Near Manteo, N.C.
In 1587, on Roanoke Island, between the Outer Banks and the North Carolina mainland, 120 men, women, and children landed to settle England’s first permanent New World colony. Virginia Dare — granddaughter of their governor, John White — was born that year, the first child of English parents born in America. When White sailed back to England, he intended to return within the year.
But a war with Spain kept White away from Roanoke for three years; what he found on his return in 1590 was a mystery. The rudimentary houses that he had helped build were dismantled, the entire area enclosed by a high fortlike palisade. No trace of the “Lost Colony” was ever found.
The visitor center at the Fort Raleigh National Historic Site tells the colony’s baffling story in exhibits and film; outdoors, all that’s left of the fort is a silent mound of dirt, preserving the site’s sense of mystery. You’ll also want to flesh out the story by visiting the more commercial Roanoke Island Festival Park, mid-island in Manteo. A 69-foot-long three-masted bark, the Elizabeth II, lies moored across from the waterfront — a composite 16th-century ship built for the 400th anniversary of Sir Walter Raleigh’s first exploratory voyage to Roanoke in 1584.
Tombstone & Bisbee
Tombstone, “the town too tough to die,” is a classic tourist trap kids love — especially when actors reenact the famous Gunfight at the O.K. Corral. But only 25 miles south is the much more authentic Bisbee, one of the best-preserved historic towns in Arizona. Within day-trip distance from Tucson, Tombstone’s hokey attractions make a tempting lure for the kids; swing on down to Bisbee for the real deal.
Tombstone’s historic district has several imposing buildings among the gussied-up saloons and former bordellos lining the main drag, Allen Street. There’s a daily reenactment of the famous gun battle at the former livery stable known as the O.K. Corral.
Bisbee never became a bona fide ghost town, but it still looks like a slice of the past. Old Victorian buildings line narrow winding streets, and miners’ shacks perch on the steep hillsides above downtown. Get an overview at the Bisbee Mining & Historical Museum, a Smithsonian affiliate with interactive exhibits, a re-created mine tunnel, and dioramas depicting Bisbee in its boomtown days.
Volcanoes National Park
Hawaii Volcanoes National Park beats out all the other U.S. national parks on two scores: It has the only tropical rainforest, and it has the only active volcano. Since 1983, the Big Island’s Kilauea volcano has been erupting regularly, although these are “quiet” eruptions, with gas escaping slowly instead of exploding violently. Its slow-moving red lava oozes over the landscape, sometimes even over the park roads. The kids may wish they could see volcanic fireworks, but once they’re here, feeling the soles of their sneakers getting gummy from the heat below, they’ll realize this is spectacular enough.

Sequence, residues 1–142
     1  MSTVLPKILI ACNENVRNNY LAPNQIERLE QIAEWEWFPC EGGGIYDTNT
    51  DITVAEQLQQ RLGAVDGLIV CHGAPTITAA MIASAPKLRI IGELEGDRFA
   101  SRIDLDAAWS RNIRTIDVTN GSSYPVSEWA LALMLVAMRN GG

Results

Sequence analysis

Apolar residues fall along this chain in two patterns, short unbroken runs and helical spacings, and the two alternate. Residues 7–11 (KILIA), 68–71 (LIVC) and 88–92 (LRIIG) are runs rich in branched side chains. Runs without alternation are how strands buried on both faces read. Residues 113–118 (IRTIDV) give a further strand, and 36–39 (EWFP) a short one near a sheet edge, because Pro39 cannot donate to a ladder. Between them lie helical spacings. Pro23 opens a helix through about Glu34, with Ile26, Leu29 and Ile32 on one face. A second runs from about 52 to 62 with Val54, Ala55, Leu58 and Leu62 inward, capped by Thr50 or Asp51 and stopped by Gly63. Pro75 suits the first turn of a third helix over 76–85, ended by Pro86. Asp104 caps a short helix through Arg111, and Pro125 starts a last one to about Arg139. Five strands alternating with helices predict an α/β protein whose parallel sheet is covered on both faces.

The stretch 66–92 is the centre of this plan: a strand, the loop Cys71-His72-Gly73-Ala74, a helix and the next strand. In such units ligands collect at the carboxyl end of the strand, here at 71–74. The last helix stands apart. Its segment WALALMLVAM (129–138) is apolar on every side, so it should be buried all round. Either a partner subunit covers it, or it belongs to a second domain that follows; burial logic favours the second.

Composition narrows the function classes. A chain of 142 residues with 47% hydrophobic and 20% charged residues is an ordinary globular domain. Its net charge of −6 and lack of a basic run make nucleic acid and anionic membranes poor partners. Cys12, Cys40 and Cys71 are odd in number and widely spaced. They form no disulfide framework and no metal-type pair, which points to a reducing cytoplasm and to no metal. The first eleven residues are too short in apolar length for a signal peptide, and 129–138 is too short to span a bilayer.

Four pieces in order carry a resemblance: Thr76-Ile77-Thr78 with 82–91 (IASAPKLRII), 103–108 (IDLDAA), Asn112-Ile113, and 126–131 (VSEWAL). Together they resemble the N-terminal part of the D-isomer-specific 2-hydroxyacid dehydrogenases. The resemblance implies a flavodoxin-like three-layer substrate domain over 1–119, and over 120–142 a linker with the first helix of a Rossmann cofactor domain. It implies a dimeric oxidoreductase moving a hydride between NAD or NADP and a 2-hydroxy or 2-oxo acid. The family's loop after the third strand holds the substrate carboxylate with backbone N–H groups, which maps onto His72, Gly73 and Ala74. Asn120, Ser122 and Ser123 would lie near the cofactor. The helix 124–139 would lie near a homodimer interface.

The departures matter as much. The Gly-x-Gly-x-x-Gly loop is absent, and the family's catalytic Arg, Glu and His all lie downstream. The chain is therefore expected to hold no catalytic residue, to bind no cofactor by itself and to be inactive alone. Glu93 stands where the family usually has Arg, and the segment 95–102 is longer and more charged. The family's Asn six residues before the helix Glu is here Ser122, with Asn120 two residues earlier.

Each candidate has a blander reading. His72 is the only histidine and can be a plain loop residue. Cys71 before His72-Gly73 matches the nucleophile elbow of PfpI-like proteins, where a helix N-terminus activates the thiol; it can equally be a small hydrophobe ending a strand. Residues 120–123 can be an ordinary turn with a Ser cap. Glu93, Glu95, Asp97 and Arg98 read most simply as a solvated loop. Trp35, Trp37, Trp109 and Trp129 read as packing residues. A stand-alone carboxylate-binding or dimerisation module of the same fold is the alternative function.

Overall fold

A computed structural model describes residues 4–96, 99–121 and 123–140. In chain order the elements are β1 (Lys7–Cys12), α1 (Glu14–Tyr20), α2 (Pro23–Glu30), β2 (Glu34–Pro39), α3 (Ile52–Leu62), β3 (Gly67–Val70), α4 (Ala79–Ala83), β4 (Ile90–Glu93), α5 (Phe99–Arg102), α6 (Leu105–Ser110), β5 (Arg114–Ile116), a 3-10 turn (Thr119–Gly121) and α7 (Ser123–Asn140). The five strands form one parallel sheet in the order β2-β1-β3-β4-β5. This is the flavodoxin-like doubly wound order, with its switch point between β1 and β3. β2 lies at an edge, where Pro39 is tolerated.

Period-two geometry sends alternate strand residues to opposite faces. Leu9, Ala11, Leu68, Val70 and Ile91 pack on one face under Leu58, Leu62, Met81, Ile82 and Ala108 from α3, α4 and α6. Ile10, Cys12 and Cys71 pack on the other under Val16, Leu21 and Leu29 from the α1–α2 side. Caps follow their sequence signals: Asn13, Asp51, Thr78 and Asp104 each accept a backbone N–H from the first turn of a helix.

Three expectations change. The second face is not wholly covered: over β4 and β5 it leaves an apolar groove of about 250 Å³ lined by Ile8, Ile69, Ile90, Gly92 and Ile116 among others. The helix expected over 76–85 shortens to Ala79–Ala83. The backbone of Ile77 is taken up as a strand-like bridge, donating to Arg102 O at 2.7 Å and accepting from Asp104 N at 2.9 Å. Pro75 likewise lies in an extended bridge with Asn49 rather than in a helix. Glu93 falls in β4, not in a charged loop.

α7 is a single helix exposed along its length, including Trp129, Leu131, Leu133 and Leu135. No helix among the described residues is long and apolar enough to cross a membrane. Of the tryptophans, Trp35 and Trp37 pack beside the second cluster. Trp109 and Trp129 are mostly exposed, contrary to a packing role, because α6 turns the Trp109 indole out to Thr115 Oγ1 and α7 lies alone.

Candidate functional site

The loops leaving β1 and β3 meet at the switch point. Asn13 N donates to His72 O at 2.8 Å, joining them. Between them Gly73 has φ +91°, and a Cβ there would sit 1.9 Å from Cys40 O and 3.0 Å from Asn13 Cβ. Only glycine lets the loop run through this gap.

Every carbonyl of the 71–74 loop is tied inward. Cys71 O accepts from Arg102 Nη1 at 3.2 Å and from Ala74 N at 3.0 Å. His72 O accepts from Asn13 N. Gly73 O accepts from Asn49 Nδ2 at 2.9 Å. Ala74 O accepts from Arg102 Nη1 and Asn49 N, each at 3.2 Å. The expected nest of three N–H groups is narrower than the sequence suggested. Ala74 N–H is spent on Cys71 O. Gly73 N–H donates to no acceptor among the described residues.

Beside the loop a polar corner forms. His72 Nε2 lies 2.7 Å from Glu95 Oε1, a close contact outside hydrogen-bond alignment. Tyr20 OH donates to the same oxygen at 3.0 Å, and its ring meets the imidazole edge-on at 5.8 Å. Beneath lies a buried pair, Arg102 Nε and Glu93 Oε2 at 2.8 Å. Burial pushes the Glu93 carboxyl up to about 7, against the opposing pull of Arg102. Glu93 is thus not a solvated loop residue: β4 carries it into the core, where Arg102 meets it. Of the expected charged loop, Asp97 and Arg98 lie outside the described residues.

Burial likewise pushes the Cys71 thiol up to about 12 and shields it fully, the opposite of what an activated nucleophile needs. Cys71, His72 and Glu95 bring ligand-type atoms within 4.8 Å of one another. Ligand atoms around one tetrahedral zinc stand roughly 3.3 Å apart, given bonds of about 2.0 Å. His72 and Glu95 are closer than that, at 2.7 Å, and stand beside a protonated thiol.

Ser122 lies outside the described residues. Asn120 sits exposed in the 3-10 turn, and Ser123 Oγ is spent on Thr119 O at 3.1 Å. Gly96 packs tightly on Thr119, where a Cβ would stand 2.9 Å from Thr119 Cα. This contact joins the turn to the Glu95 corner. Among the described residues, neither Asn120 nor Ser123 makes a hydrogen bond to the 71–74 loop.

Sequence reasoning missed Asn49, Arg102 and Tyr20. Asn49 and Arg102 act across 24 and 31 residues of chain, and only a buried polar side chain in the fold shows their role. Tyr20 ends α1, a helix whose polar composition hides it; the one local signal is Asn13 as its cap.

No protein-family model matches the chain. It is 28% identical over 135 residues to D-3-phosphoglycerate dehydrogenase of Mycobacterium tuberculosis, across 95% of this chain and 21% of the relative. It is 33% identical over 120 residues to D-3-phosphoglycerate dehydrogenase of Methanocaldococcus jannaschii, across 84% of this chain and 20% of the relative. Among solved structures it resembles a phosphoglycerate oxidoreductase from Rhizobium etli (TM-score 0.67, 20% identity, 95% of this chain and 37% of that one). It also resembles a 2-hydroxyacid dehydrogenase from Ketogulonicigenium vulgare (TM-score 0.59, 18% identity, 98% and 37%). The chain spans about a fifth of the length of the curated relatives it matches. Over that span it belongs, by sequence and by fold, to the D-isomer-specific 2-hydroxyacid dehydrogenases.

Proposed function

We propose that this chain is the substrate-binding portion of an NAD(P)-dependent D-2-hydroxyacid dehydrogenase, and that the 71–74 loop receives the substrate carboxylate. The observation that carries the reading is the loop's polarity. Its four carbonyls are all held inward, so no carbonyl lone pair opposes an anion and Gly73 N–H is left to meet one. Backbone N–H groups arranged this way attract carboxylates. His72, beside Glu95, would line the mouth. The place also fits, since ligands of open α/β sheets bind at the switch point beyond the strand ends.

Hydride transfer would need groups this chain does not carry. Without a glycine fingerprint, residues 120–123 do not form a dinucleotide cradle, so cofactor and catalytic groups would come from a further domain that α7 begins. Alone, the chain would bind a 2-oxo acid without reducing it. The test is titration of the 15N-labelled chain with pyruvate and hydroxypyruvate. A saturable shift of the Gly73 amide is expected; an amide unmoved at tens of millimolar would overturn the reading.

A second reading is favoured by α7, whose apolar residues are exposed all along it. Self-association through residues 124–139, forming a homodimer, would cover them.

If the volcano is actively erupting, call the visitor center for directions to the best locations for night viewing — it’s quite a sight, watching as the brilliant red lava snakes down the side of the mountain and pours into the cold sea, hissing and steaming ferociously.
Coral Castle is probably the strangest attraction in Florida. Hewn by one solitary folk artist out of some 1,100 tons of pastel-tinted coral rock, this prehistoric-looking roofless “castle” harks back to an earlier age of Florida tourism — a time when the weirder and wackier a roadside attraction was, the better.
In 1923, a Latvian immigrant named Edward Leedskalnin moved to South Miami and spent the next 28 years of his life carving huge boulders of coral rock into this collection of outdoor sculptures, including such odd features as a moon fountain, a rocking chair, a table shaped like a heart, and another table shaped like the state of Florida.
Although nobody ever actually saw Ed working on it, Ed himself, being from a family of stone masons in Latvia, claimed that he worked at night using secret techniques passed down through the ages, the same techniques that allowed slaves to build the Great Pyramids. Hmmm.
American Museum of Natural History
New York City
How many children have fallen in love with dinosaurs in the echoing galleries of this world-class museum? When you enter the rotunda at the top of the Central Park West steps, a rearing skeleton of a mommy dinosaur protecting her baby from a small, fierce predator clues you in that the interactive fourth-floor dinosaur halls are the perennial attraction. Must-see sights are the dioramas in the North American Mammals — the grizzly bear raking open a freshly caught salmon, elks lifting their massive antlers, wolves loping through eerie nighttime snow — or, on the floor above, the bi-level African Mammals Hall, where you can circle around a lumbering herd of perfectly preserved elephants or check out the giraffes browsing by their water hole.